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Tomorrow, Maine voters will have the opportunity to advance the fight for recognition for the state’s four federally recognized tribes.

On the ballot is Question 6, a constitutional amendment that, if passed would require the state to print the full text of the Maine State Constitution, including Maine’s original treaty obligations to the Wabanaki Nations that have been missing from printed versions for more than 100 years.

Maine remains the only state in the country that does not extend recognition to its federally recognized tribes, which include the Maliseet, Micmac, Penobscot and Passamaquoddy, collectively known as the Wabanaki Nations.

The issue dates back to 1980, with the passing of the Indian Land Claims Settlement Act. The act was a response to litigation declaring that under federal law, the Passamaquoddy Tribe and Penobscot Nation had legal claim to a substantial amount of land in the state.

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The act was intended to provide funds and outline a process for tribes to buy land to replace the unlawfully seized land. However, the wording limits federal Indian law from automatically applying to Maine’s tribes. It places them under state jurisdiction, effectively restricting the tribes’ sovereignty — cutting them off from federal funding and benefits that are essential to the well-being of tribal communities. More than 150 federal Indian laws passed since 1980 that do not apply to the Wabanaki tribes. 

The economic impact of restricted sovereignty on Maine’s tribes was documented in a 2022 study by the Harvard Kennedy School. The study concluded that the Maine Indian Claims Settlement Act has severely hampered economic development for the Wabanaki Nations and the surrounding non-tribal rural areas. According to the study, since 1989, per capita income among Maine tribes has grown just 9 percent, far behind the 61 percent per capita growth among the rest of Indian Country.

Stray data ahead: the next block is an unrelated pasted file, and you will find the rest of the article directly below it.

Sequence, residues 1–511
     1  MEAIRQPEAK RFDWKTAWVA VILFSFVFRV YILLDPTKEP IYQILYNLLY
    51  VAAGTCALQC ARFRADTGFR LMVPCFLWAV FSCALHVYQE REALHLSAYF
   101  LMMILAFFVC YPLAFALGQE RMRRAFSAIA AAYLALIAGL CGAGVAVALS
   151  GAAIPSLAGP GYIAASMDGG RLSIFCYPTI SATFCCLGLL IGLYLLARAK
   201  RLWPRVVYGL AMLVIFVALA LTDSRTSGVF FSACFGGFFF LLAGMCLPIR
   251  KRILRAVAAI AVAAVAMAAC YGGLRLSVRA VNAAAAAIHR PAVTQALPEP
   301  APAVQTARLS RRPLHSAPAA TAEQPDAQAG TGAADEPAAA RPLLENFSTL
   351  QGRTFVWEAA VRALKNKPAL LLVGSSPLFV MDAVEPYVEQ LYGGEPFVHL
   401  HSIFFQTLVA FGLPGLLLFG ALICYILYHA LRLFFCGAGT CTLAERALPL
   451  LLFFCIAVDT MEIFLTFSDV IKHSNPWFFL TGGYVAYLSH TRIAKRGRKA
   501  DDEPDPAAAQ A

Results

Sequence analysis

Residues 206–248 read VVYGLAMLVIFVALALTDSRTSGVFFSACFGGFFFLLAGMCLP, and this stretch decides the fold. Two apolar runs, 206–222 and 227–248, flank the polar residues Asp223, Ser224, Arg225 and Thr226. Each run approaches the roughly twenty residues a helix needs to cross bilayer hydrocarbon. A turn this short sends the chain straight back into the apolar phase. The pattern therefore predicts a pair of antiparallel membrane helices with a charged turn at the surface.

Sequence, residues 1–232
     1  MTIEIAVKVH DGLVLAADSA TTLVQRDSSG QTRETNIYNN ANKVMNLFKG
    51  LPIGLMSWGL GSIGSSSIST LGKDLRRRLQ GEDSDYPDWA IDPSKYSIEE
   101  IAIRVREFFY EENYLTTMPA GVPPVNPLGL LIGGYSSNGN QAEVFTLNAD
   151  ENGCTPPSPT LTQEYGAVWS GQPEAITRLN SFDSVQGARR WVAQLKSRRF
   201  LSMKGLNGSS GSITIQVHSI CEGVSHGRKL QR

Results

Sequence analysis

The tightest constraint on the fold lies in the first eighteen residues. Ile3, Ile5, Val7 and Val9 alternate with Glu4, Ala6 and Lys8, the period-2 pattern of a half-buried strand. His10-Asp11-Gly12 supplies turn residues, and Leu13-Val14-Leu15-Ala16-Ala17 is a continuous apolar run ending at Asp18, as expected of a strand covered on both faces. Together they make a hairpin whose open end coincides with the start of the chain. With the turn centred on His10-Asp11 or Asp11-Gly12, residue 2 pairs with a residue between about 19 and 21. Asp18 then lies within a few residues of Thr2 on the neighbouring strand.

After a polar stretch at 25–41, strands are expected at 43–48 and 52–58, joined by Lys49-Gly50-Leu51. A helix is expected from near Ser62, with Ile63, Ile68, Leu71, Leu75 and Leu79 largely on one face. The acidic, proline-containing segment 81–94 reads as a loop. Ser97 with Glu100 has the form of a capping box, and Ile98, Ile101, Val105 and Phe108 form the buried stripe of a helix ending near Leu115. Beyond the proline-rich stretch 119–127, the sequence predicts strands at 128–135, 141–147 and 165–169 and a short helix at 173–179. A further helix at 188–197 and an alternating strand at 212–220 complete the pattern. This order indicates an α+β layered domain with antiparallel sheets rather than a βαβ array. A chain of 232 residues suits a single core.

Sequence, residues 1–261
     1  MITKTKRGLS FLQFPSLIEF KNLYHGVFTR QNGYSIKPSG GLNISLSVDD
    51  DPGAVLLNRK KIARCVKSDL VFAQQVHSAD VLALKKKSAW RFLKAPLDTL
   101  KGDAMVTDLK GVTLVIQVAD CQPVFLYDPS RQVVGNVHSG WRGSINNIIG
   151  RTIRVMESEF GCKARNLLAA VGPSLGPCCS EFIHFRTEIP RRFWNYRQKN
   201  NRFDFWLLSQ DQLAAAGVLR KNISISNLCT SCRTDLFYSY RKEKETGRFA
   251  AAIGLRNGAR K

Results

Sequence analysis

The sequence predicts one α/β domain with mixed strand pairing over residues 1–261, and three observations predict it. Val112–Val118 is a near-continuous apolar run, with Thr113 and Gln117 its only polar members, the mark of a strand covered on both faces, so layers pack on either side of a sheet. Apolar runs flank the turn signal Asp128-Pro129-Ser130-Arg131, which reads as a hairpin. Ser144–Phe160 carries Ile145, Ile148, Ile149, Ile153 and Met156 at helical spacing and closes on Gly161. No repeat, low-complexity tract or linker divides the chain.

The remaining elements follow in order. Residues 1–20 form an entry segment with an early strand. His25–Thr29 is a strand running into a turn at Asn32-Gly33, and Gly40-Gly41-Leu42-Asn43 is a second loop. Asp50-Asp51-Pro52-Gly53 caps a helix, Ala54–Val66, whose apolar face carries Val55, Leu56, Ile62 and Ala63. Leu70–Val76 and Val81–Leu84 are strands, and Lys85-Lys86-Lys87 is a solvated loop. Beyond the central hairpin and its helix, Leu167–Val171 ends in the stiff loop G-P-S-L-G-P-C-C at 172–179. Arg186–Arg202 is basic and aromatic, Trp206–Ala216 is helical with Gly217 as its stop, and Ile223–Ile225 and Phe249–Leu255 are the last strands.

Support for Wabanaki’s sovereignty in Maine is widespread and bi-partisan. In 2022, the state saw two failed attempts to expand Wabanaki sovereignty in 2022. This past June, another attempt was made when LD 2004, a bill that would have retroactively enacted federal legislation that excluded tribes in Maine, passed in the Maine House and Senate, only to be vetoed days later by Governor Janet Mills. 

In explaining her veto, Mills stated, “I fear it would result in years, if not decades, of new, painful, complex litigation that would only further divide the state and our people.”

The Wabanakoi tribes have lived in what is now Maine for more than 15,000 years. Their populations have been depleted by 98 percent. 

On September 29, the Maine Conservation Voters held a lunch and learn titled, “Restoring Wabanaki History in Maine at the Ballot Box,” with guest speaker Maulian Bryant, Penobscot Nation Ambassador and President of the Wabanaki Alliance Board of Directors.  

On the lunch and learn, which was recorded and can be watched here, Bryant said printing the state’s constitution to include original treaty obligations is important for government transparency. 

“People understanding the history, commitments, and obligations the government made the Wabanaki tribes is essential for healthy relationships between the Wabanaki and the state of Maine,” Bryant said. “We were written into the Maine constitution... you need to be a sovereign government to be written into treaties, so the fact that we were recognized as sovereign nations at one point is significant.”

In a video campaign advocating for Maine voters to vote yes on Question 6, Dr. Darren Ranco, Chair of Native American Programs at the University of Maine and citizen of Penobscot Nation, said that an understanding of the state’s original promises is essential for the Wabanaki Nation moving forward. 

“I want to tell you what this question means to be as a Penobscot citizen and as an educator,” Ranco said. “I’ve heard people say this is an unimportant distraction, or it’s not meaningful, because these sections remain in full force of the law. I suggest instead that it is all about meaning and how we as Wabanaki people form our social contract with the state of Maine.”

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About The Author
Author: Elyse WildEmail: This email address is being protected from spambots. You need JavaScript enabled to view it.
Elyse Wild is senior editor for Native News Online and Tribal Business News.